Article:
* Done in Disney's ''WesternAnimation/AladdinTheSeries'', but not with the main characters. Instead, they go to China and meet two identical twins, Zin and Zang, one evil and aggressive and the other good and meek. The twist is that neither has actual power until they merge into a dragon, and the alignment of the dragon depends on who forces the merge. When the evil one causes it, the dragon rampages and burns villages. When the good one finally grows a spine and takes control (which frightens the evil one for some reason), the dragon fixes everything.
* Played with in ''WesternAnimation/JohnnyBravo'' when the villain of a Franchise/StarTrek episode challenges Johnny to a battle between good and evil. He is assisted by two intimidating mooks, while Johnny is paired off with a choir boy who immediately runs away. Johnny still wins however, because the mooks are dumber than he is, and the villain is a [[SissyVillain wimpy]] geek who can't even slap him without hurting his wrist. What makes this weirder is that this episode happened after Johnny was turned into a bumbling idiot who screams like a girl and is beaten up by little boys on a regular basis.
* Done in an episode of ''WesternAnimation/KungFuPandaLegendsOfAwesomeness'' where Po, in his usual shenanigans, splits himself into his Yin and Yang half after glimpsing into the Mystical Mirror of Ying and Yang. While Bad Poe was ruthless, powerful, and even cunning (as when he sneaked up and imprisoned Shifu during his monologues where he realized Po's bizarre behavior was the result of the mirror), Good Po was overly flattering, nonviolent, extremely gullible (Bad Poe tricked him into trapping himself into a pillory just by asking him nicely) and even a little dumb (he thought he couldn't escape even though the keys Bad Po dropped were right in front of his feet and the pillory wasn't even locked in the first place as Good Po demonstrated when he retrieved them). Subverted in the end where Good Po intentionally undergoes multiple AmusingInjuries to weaken Bad Po so that the Furious Five will be able to make him gaze into the mirror again and reunite the two halves (since both Pos share each others' pain), then tricking him into destroying a replica while thrusting the real mirror into his face, regaining his old self.
* It's implied that this is the reason why Ron is a BumblingSidekick in ''WesternAnimation/KimPossible''. The few times he's hit with a MirrorMoralityMachine, he becomes focused and dangerously competent. So competent that the [[RoguesGallery established bad guys]] who encounter him, respect him.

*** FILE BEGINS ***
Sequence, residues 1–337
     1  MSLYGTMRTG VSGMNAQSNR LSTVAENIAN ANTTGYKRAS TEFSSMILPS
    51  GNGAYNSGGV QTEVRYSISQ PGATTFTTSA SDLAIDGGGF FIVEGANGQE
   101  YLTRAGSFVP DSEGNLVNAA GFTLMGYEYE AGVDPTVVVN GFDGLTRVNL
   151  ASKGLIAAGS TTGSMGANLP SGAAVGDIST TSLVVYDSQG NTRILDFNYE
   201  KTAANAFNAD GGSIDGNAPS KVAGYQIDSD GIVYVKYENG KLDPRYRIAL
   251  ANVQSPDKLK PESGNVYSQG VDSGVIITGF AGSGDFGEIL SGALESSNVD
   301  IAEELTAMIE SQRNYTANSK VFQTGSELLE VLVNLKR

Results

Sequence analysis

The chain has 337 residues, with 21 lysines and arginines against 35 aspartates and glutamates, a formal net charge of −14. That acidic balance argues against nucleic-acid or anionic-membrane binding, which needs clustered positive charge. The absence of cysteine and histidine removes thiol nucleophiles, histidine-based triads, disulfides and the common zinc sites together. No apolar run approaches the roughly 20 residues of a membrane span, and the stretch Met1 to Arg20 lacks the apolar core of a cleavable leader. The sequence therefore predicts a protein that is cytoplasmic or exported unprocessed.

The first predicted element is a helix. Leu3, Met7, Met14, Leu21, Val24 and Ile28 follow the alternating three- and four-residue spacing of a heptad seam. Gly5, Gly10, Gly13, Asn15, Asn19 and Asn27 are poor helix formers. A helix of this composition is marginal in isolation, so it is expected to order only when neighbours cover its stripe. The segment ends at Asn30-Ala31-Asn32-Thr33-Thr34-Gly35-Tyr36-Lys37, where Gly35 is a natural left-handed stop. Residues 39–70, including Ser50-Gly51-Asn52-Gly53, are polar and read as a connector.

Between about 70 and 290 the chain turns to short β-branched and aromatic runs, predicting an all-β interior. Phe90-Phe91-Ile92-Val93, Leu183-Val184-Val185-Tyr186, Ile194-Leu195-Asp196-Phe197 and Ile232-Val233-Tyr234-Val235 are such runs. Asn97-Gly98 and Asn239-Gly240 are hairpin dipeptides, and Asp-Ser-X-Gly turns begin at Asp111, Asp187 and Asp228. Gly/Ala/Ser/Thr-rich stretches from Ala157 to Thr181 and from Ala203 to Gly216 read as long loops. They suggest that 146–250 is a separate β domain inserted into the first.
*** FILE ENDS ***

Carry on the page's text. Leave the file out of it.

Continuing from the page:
** Also comes up in an episode where one of the aforementioned {{Mirror Morality Machine}}s starts being used randomly on a superhero team, causing the good and evil members to fight each other. For some reason, whenever one of the heroes is returned to being good, they immediately either start losing or try to run away.

[[folder:Real Life]]
* Jainist monks in India don't wear clothes (so they can't crush insects in them), sweep the ground they're walking on (so they can't tread on bugs), and sometimes even wear a cloth before the mouth, so they can't suck in flies.
** While less extremely ascetic, some Buddhist monks are also very careful to avoid harming even the smallest creature, carrying bells to warn insects and the like of their approach.
* The Talmud teaches that without the "evil impulse", mankind would spend all of its time praying and studying God's Torah. [[BalanceBetweenGoodAndEvil Evil is therefore necessary, even good to a certain extent]], because it makes people do good things like marry, build houses, and start businesses, which are all good because God wants human beings to create things on Earth.
* This is something scorned in Islam. It's not enough to claim to be faithful: God shall test His servants. The test can come in many form: hunger, poverty, ''war''... This is one of the reasons why Sufism (and the ''[[PerpetualPoverty zuhud]]'' life-style) is derided. A Muslim can't simply lock himself in his home and spend all his time praying that God will solve all his problems. Amongst the very first verses of Literature/TheQuran is about ''not'' wrapping yourself in SecurityBlanket (in Muhammad's case, he was cowering in fear after the first visitation by Gabriel).
* The [[TheFederation United Nations]] is almost universally recognized as an organization with [[WideEyedIdealist noble aims]], but is often criticized for being unable to get anything of substance done.
* In some schools of revolutionary thought, it is argued that peaceful protest held up as a strict moral principle rather than acknowledged as a strategy actually doesn't achieve very much at all and leads to few (if any) of the protest's goals being fulfilled. [[RuleOfCautiousEditingJudgement That's all that will be said]].